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This article in AJ

  1. Vol. 59 No. 1, p. 33-36
     
    Received: June 24, 1966


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doi:10.2134/agronj1967.00021962005900010010x

Effect of Seeding, Rate, Fall Disking, and Nitrogen Level on Stand Establishment of Crimson Clover in a Grass Sod1

  1. W. E. Knight2

abstract

abstract

Five rates of unhulled crimson clover seed were overseeded in a 'Coastal' bermudagrass sod in June to simulate natural reseeding. Satisfactory volunteer stands and yields of crimson clover were produced for 3 years in a Coastal bermudagrass sod when the quantity of seed shattered in the spring was 40 pounds or more per acre. As the clover seeding rate increased from 5 to 80 pounds per acre, the yield of clover increased as well as the yield of grass following the clover. Annually fall-seeded clover at the rate of 30 pounds per acre was equivalent to the 80 pound simulated reseeding rate.

Under the conditions of this test, fall disking caused highly significant reductions in clover yield with a greater reduction on a percentage basis at the lower seeding rates. The average reduction in clover yield from disking was 760 pounds of dry matter per acre over the 3-year period. The average effect of fall disking on grass yields was negative but not significant.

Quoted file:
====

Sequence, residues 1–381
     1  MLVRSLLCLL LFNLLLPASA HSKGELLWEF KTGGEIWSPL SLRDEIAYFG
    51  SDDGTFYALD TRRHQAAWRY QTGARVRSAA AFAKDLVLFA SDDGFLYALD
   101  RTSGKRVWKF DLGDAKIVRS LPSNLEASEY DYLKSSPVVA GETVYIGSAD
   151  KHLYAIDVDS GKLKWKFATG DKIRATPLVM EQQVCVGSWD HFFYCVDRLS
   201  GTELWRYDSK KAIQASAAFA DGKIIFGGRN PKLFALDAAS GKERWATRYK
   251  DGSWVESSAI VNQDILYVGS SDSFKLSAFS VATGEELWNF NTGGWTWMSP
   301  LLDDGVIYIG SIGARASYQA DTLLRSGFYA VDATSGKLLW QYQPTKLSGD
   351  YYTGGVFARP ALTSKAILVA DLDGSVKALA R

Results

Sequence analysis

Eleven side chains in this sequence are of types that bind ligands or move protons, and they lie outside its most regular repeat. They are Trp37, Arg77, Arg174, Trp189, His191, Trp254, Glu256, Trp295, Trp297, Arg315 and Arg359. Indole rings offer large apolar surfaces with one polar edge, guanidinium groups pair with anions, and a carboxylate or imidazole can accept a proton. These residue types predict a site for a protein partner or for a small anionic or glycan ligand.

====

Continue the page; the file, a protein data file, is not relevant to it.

Nitrogen reduced both stands and subsequent yields of the clover component; however, the average nitrogen effect was not significant. Highest total yield was produced by the 80-pound simulated reseeding rate of clover with grass fertilized with 200 pounds of N per acre without fall disking. Crimson clover increased total forage production by 27% when 200 pounds of N was applied to the grass and by 63% when no nitrogen was applied. The clover extended the grazing season 6 to 8 weeks and the additional forage was produced with minimum competitive effect between the grass and the clover.

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